5 April 2013
Participatory budgeting is that most unlikely thing: a policy move where politicians actually relinquish power to the people they govern. Perhaps more unlikely is the fact that the politicians in question, the Workers' Party, were socialists who might traditionally have been expected to centralise and control power. The reality was that when they came to power in the city in 1989 expectations were vast but the coffers empty. Participatory budgeting was a system for mediating these demands.
The process worked by neighbourhoods across the city creating assemblies which met to discuss how they would like to see the city prioritise its spending across a range of categories such as housing, sewerage, pavements, social services, and so on. In a simple and transparent process these priorities were then weighted according to the quality of existing services in the neighbourhood and the size of population to create proportions of need, from which proportions of the city budget followed.
This idea of asking the people themselves to choose priorities for spending was truly revolutionary, particularly in a political culture dominated b clientelism, where the power of the strong men relied on the patronage they could offer in terms of new roads and schools. It was also an extremely effective means of redistribution, especially when combined with a large increase in the rate of corporation tax for those who had benefited from the increase in value of commercial property.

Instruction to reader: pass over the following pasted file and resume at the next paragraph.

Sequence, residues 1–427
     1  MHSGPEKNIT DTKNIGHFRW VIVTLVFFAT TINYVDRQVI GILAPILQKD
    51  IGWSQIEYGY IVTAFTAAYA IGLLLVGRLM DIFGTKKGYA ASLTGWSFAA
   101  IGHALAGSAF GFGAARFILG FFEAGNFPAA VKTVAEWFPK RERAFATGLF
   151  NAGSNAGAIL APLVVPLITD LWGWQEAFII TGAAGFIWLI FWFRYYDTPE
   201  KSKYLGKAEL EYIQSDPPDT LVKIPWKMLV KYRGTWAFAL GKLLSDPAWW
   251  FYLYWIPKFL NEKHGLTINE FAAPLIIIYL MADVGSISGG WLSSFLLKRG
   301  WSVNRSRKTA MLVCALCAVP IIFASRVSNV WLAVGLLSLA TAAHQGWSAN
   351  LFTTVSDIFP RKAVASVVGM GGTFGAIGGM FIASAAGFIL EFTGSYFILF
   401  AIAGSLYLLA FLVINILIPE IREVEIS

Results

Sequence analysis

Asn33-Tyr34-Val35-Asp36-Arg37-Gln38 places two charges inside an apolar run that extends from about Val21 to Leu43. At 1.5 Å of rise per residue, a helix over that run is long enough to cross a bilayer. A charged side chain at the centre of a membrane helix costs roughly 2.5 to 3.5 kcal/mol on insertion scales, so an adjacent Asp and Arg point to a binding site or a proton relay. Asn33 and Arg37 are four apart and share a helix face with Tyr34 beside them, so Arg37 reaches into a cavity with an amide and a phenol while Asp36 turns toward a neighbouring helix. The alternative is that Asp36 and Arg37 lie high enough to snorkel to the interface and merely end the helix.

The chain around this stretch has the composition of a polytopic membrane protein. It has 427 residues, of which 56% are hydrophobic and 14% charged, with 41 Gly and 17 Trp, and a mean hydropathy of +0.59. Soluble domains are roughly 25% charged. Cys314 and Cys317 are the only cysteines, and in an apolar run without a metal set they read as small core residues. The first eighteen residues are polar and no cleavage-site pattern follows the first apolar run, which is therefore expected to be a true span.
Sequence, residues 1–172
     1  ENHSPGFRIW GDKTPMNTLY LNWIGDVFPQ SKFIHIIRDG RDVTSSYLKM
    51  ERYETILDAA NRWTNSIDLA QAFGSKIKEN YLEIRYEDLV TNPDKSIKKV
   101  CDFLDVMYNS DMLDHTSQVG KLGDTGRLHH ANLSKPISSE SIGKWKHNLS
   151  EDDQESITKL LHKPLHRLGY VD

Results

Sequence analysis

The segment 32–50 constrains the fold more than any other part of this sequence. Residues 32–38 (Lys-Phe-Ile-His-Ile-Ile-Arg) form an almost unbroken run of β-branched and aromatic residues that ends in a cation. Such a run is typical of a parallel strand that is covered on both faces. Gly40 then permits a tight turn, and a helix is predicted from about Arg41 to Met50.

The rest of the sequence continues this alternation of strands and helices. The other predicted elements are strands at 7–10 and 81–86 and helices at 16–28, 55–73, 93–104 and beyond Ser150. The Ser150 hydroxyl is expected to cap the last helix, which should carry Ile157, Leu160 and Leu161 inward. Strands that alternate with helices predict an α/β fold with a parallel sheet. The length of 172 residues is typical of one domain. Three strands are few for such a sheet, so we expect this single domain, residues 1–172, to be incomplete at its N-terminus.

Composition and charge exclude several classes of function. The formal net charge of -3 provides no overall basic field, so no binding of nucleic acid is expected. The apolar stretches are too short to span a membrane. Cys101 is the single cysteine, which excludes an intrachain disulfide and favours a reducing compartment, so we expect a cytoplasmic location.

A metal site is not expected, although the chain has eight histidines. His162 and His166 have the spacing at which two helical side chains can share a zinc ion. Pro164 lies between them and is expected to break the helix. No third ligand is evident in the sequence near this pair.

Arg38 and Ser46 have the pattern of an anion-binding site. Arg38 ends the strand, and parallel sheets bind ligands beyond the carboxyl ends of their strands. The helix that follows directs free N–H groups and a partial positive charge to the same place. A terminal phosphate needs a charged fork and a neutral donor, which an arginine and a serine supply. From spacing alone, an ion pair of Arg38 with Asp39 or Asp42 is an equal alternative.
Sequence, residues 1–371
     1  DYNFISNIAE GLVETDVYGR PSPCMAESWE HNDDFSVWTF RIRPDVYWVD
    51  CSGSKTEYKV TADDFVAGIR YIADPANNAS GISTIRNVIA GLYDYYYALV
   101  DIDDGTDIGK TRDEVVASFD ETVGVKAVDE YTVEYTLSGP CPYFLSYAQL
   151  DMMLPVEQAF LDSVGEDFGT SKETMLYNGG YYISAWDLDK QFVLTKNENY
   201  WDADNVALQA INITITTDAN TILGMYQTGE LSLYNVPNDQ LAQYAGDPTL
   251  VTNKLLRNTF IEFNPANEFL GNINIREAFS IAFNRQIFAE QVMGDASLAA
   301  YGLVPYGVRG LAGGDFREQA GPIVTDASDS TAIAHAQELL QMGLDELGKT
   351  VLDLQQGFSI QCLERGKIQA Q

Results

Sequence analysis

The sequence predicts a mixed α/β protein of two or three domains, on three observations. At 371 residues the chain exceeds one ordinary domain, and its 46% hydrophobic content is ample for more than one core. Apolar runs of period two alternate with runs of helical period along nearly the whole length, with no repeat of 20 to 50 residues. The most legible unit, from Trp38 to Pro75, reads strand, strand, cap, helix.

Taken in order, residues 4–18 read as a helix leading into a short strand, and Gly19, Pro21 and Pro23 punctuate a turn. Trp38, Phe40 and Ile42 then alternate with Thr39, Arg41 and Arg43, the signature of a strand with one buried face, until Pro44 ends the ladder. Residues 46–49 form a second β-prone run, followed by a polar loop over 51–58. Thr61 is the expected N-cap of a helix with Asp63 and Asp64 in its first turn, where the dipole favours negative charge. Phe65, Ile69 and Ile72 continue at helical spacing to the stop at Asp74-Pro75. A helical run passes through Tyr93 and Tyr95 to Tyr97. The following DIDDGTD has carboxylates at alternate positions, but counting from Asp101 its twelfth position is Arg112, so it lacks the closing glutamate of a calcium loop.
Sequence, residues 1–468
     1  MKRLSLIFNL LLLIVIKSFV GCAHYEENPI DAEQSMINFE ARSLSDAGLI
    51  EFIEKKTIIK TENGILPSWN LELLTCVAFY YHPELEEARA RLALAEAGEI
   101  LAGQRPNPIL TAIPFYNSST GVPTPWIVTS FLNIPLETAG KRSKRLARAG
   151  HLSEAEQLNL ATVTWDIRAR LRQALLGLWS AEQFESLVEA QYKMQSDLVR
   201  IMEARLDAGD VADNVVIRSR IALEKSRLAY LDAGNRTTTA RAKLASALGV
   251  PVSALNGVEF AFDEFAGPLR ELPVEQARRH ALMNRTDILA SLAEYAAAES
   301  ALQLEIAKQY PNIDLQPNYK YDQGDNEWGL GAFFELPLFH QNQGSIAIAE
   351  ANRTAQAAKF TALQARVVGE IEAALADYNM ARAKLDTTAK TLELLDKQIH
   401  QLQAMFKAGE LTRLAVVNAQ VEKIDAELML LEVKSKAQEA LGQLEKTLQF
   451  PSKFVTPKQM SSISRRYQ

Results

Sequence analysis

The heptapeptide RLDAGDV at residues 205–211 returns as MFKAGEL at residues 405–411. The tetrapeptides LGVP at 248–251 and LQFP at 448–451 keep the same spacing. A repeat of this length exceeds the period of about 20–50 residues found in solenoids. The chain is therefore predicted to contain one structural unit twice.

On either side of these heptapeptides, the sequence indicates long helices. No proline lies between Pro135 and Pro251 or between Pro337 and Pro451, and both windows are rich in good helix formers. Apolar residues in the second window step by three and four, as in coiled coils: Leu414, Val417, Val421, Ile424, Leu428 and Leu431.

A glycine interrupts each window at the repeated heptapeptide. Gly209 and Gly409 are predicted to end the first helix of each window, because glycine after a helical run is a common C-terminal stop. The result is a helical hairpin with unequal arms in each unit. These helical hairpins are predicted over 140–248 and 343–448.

But as Baierle shared with us, the system has diminished and virtually disappeared since the Democratic Workers' Party returned to power in the city in 2005. In 2011 none of the projects prioritised through the participatory budgeting process were funded, compared to rates of 98 or 100% in the early years. Commitment and participation have also inevitably been affected by this ineffective implementation, as well as by the increasing ability of local businessmen to game the system.
Participatory budgeting is a radical idea and one that has a particular relevance in a time when money is short. The most important contribution is the genuine negotiation between citizens and their politicians about the limited nature of resources and how they should be spent. This is a clear contrast with our politics of austerity, where the message is that we cannot have anything that we want and yet the government can still follow its priorities such as a costly reorganisation of health services and a new generation of nuclear power stations and nuclear weapons. If money is short it should be our business to decide whether we want it spent on these white elephants.